Topics: Design , Modeling
Commentary by Dr. Valentin Fuster
J. Mech. Des. 2003;125(3):498-508. doi:10.1115/1.1582500.

This paper broadly discusses aspects of the novel Rotary Vane Engine (RVE). It also considers, in detail, the geometrical structure of work unit and the entire engine. The rigorous mathematical description of work unit and torque transmission mechanism are presented for a first time in literature. Although the RVE is a simple structure possessing a small number of moving parts, it is this property that provides the RVE with an important advantage when compared to a usual reciprocating engine. The main idea is to use noncircular gears in torque transmission mechanism together with Kauertz-Virmel work unit. It is found that the rotary engine can produce almost constant angular velocity of the flywheel, which would result in an efficient and smooth performance.

Commentary by Dr. Valentin Fuster
J. Mech. Des. 2003;125(3):509-517. doi:10.1115/1.1588344.

Torsional oscillations in mechanical power transmission systems are a significant source of dynamic loads which are harmful to the system performance. The effects can cause a drive shaft to become unstable and self-destructive at critical speeds. This research focuses on dynamic analysis of a nonlinear torsional flexible coupling with elastic links. The equations of motion are derived by means of Lagrange’s equation. These equations are used to obtain the quasi-static performance of torque vs. angular displacement at constant rotational velocity. An exact solution is also found for the phase-plane representation for free oscillation torque. The fluctuation ratios of input velocity vs. output velocity of the system are obtained for determining the system performance. The results of the analyses of steady running and transient oscillation performance are applied to the determination of optimum proportions of the couplings. Results are compared with those of rigid-link couplings to show the influence of elasticity of the link on dynamic behavior of the system.

Commentary by Dr. Valentin Fuster
J. Mech. Des. 2003;125(3):518-526. doi:10.1115/1.1586936.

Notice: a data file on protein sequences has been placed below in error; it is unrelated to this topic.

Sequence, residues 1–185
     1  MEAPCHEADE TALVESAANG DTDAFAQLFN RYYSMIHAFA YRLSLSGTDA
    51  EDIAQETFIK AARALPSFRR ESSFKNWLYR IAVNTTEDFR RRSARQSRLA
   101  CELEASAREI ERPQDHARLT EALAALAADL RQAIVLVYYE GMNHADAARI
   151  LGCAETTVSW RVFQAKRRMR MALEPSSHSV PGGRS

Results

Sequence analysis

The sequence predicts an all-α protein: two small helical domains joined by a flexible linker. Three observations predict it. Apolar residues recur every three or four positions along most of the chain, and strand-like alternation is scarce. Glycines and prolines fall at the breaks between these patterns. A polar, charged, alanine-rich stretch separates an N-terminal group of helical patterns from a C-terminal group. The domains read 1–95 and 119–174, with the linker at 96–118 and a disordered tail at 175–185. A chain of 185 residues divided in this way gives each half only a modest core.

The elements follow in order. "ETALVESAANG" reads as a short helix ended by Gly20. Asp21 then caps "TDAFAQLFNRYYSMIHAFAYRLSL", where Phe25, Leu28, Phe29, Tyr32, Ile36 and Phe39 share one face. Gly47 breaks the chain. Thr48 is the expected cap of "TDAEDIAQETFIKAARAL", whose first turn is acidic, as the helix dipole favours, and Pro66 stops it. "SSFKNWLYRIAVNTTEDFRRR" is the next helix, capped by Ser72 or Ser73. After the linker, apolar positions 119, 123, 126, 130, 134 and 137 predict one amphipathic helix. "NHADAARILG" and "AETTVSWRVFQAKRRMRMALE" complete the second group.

Both experimental investigation and finite element analysis were conducted to explore the mechanisms for the early stage self-loosening of bolted joints under transverse cyclic loading. The nuts were glued to the bolts using a strong thread locker in the self-loosening experiments to ensure that no backing-off of the nut occurred. Depending on the loading magnitude, the clamping force reduction ranged from 10% to more than 40% of the initial preload after 200 loading cycles. Three-dimensional elastic-plastic finite element analysis was conducted with the implementation of an advanced cyclic plasticity model. The finite element results revealed that the local cyclic plasticity occurring near the roots of the engaged threads resulted in cyclic strain ratcheting. The localized cyclic plastic deformation caused the stresses to redistribute in the bolt, and the result was the gradual loss of clamping force with loading cycles. The finite element results agreed with the experimental observations quantitatively. When the two clamped plates started to slip and the slip displacement was controlled, both experiments and finite element simulations suggested that the friction between the clamped plates has an insignificant influence on the early stage self-loosening.

Commentary by Dr. Valentin Fuster
J. Mech. Des. 2003;125(3):527-532. doi:10.1115/1.1567312.

By means of comparing results from finite element analysis and photoelasticity, the salient characteristics of a finite element model of a nut and bolt have been established. A number of two-dimensional and three-dimensional models were created with varying levels of complexity, and the results were compared with photoelastic results. It was found that both two-dimensional and three-dimensional models could produce accurate results provided the nut thread run-out and friction were modeled accurately. When using two-dimensional models, a number of models representing different positions around the helix of the thread were created to obtain more data for the stress distribution. This approach was found to work well and to be economical.